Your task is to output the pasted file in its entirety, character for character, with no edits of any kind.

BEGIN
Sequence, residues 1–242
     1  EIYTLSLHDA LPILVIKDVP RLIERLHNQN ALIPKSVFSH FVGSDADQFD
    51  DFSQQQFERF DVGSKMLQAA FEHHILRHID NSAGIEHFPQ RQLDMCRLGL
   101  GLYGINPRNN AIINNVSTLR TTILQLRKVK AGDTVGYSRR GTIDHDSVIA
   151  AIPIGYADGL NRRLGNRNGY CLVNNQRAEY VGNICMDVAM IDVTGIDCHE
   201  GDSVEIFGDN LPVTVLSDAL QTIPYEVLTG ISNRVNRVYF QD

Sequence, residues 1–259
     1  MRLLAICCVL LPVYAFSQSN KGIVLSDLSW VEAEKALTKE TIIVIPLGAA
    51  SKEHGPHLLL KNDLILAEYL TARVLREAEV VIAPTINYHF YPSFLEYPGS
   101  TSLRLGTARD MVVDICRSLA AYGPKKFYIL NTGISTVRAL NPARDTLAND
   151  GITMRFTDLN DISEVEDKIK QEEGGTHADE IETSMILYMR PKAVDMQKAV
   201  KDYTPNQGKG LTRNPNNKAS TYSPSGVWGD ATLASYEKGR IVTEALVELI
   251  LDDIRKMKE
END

Sequence, residues 1–242
     1  EIYTLSLHDA LPILVIKDVP RLIERLHNQN ALIPKSVFSH FVGSDADQFD
    51  DFSQQQFERF DVGSKMLQAA FEHHILRHID NSAGIEHFPQ RQLDMCRLGL
   101  GLYGINPRNN AIINNVSTLR TTILQLRKVK AGDTVGYSRR GTIDHDSVIA
   151  AIPIGYADGL NRRLGNRNGY CLVNNQRAEY VGNICMDVAM IDVTGIDCHE
   201  GDSVEIFGDN LPVTVLSDAL QTIPYEVLTG ISNRVNRVYF QD

Sequence, residues 1–259
     1  MRLLAICCVL LPVYAFSQSN KGIVLSDLSW VEAEKALTKE TIIVIPLGAA
    51  SKEHGPHLLL KNDLILAEYL TARVLREAEV VIAPTINYHF YPSFLEYPGS
   101  TSLRLGTARD MVVDICRSLA AYGPKKFYIL NTGISTVRAL NPARDTLAND
   151  GITMRFTDLN DISEVEDKIK QEEGGTHADE IETSMILYMR PKAVDMQKAV
   201  KDYTPNQGKG LTRNPNNKAS TYSPSGVWGD ATLASYEKGR IVTEALVELI
   251  LDDIRKMKE